The peace treaty negotiated between the United States and Grand Fenwick was a somewhat complicated one, essentially leaving the Duchy as it was before the invasion.  One minor part of the treaty, however, allowed an American chewing gum manufacturer to produce a Pinot Grand Fenwick flavored chewing gum exclusively for a period of twenty-five years, with the Duchy receiving 40% of the profits annually.  Since the gum never made any profit, the economy of Grand Fenwick remained happily balanced.  Until...

The Surgeon General of the United Stated began to issue dire warnings about the hazards of amoking.  Cigarette sales fell sharply.  To compensate, smokers began chewing gum in large quantities.  Suddenly, Grand Fenwick received a check for one million dollars as their part of the year's profits of the Pinot Grand Fenxick gum.  The citizens of Grand Fenwick went on an unchecked buying spree, purchasing electronic items such as washing machines, without having any electricity or central watrer system -- those things then had to be installed...and paid for.  Inflation ran rampart.  The demands of labor increased.  The cost of living rose drastically, and the average citizen ended up owing what would take three years to pay off.  The entire economy of Grand Fenwick went into a tailspin.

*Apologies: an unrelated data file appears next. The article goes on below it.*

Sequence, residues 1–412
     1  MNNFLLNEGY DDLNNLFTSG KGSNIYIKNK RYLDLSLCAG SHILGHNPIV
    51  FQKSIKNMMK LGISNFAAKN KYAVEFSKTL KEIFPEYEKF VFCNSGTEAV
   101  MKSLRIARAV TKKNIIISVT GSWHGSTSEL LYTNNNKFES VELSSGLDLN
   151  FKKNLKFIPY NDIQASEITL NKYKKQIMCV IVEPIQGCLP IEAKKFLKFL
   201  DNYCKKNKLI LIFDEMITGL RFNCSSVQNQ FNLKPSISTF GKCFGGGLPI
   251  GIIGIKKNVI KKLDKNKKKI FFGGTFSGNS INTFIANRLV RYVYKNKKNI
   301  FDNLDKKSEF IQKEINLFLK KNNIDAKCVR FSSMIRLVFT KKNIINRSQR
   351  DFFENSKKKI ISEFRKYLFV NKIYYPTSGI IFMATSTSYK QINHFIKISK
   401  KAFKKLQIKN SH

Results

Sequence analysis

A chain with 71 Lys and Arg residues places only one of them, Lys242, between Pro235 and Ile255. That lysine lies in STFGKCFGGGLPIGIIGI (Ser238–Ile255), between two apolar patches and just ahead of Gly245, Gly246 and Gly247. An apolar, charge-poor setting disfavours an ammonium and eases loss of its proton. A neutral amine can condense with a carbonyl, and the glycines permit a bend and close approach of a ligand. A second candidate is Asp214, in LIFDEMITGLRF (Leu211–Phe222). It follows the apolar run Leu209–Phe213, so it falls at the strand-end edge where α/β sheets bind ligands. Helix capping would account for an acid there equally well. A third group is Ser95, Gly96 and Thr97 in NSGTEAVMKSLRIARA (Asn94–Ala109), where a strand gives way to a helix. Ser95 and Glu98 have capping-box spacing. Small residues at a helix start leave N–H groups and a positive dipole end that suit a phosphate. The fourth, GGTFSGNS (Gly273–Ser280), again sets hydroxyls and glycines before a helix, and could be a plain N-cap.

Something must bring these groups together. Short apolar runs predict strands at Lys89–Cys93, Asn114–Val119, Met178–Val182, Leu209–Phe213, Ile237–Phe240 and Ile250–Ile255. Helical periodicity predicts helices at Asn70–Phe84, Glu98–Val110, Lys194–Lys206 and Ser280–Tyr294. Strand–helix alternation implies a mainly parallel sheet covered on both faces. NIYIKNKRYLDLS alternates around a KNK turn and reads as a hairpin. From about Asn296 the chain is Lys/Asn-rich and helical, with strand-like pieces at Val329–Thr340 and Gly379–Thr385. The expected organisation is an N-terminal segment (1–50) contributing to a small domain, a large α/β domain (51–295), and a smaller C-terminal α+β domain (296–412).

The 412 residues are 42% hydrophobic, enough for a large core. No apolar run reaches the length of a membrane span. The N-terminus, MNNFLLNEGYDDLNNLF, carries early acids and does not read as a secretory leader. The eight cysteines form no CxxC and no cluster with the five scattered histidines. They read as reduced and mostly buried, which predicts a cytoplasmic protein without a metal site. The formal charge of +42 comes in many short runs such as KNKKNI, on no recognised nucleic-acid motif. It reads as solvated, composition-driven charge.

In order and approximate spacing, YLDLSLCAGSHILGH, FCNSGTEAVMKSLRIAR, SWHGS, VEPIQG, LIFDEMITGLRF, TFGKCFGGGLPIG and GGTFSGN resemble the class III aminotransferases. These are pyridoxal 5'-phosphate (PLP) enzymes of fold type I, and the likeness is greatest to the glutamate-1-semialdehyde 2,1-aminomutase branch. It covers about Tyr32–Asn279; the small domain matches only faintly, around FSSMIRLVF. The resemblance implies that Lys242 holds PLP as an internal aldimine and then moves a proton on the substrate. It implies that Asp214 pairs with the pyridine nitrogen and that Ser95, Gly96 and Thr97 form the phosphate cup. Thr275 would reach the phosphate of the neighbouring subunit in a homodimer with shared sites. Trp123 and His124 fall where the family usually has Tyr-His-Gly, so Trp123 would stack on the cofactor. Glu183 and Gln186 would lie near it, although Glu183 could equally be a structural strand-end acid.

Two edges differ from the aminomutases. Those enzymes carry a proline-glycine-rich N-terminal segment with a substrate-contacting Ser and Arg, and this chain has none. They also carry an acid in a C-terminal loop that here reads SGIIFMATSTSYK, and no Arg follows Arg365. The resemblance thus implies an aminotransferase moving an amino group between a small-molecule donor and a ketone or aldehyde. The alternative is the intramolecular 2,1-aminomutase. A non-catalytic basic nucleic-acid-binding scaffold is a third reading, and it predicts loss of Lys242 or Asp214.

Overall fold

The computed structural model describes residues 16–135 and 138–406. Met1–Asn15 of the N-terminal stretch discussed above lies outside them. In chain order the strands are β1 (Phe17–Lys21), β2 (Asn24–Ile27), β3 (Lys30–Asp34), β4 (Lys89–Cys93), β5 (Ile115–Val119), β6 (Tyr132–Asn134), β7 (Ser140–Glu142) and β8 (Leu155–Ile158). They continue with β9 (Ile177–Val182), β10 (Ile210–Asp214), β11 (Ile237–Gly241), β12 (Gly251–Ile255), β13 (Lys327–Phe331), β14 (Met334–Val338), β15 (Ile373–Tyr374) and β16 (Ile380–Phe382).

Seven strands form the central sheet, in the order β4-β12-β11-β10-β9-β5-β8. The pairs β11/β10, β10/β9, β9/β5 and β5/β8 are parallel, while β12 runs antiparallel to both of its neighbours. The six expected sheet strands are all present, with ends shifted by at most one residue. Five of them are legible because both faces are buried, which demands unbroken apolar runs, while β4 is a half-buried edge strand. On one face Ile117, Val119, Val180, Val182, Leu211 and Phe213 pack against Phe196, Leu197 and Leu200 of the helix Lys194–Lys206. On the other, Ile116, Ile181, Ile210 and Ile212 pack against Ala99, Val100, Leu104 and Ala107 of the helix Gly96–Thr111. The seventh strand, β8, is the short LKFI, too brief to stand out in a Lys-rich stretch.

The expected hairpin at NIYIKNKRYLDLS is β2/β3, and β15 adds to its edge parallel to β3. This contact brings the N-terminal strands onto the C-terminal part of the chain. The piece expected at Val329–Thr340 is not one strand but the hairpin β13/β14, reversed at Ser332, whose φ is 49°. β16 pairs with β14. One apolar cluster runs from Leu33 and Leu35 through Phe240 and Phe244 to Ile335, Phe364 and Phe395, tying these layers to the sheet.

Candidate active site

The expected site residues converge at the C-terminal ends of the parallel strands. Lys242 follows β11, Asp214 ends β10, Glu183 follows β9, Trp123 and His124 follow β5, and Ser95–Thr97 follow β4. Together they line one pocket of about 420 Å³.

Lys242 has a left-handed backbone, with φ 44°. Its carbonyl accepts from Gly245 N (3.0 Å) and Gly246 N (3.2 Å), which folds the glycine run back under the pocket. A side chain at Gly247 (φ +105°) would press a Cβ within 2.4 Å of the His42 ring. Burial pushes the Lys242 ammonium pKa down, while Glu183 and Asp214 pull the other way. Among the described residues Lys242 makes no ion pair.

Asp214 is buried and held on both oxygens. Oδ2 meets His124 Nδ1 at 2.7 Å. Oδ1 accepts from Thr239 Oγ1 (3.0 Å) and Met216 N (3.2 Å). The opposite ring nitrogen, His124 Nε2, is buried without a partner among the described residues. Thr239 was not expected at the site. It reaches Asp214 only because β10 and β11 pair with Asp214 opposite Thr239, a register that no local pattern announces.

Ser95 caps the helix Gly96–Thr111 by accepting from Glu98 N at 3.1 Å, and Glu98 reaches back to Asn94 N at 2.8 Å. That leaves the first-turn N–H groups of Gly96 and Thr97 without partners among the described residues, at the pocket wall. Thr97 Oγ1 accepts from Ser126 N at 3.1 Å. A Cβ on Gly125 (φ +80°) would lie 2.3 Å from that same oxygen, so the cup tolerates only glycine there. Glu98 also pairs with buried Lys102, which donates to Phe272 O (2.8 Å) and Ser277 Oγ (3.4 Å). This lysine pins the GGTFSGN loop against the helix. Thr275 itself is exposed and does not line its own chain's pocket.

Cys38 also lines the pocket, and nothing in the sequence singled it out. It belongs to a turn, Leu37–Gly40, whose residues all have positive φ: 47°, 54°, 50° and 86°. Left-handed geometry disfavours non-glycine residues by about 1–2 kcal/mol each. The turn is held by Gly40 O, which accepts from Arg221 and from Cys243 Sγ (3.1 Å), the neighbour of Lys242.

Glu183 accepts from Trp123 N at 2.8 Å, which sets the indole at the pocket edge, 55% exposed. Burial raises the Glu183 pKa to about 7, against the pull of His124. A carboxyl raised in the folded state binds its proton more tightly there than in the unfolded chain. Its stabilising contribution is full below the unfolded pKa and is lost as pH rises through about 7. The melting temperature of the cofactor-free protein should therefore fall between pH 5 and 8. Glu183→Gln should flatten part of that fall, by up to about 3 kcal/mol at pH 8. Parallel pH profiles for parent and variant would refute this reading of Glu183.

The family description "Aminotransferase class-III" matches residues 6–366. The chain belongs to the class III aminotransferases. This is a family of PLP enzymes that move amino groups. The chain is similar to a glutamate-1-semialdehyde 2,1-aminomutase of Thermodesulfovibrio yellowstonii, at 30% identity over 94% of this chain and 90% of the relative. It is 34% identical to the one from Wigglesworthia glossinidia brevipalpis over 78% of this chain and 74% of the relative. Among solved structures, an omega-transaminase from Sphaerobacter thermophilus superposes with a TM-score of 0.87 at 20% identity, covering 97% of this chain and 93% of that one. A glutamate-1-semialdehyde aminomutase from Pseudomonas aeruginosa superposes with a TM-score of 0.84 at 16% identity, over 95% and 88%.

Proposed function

The following year, another check arrived.  For ten million dollars!  Something had to be done to get rid of that unwanted money.  The House of Freemen decided to give the money to Gloriana XII. -- let her sit on it, or get rid of it in such a manner that it would not effect the country's economy.  For news of the outside world, the Duchy received just one copy of the London Times, shared by various government officials and usually arriving three days late (or later, if the French postman was in a snit).  So it happened that Gloriana was browsing through the newspaper when she came to the financial section and had a brilliant idea.  Many people who invest in the stock market lose their shirts, and people who knew nothing of finance were almost guaranteed to lose their money by investing in the stock market.  Since Gloriana knew absoltuely nothing about finance (or little else), if she invested in the stock market, she would be sure to lose all of the unwanted money that had been foisted off on Grand Fenwick.  She closed her eyes and randomly stabbed a needle at the stock indexes to choose a company to invest in.  By luck, it happened to be one of the most worthless companies on the exchange.  She wrote to the Duchy's American broker and instructed him to buy six million dollars worth of shares in the company, then immediately began thinking of more pleasant things.  It took about two weeks for the letter to reach America, but the broker did what was asked and, within four weeks, Gloriana was pleased to hear that she lost some four million dollars thus far on the venture.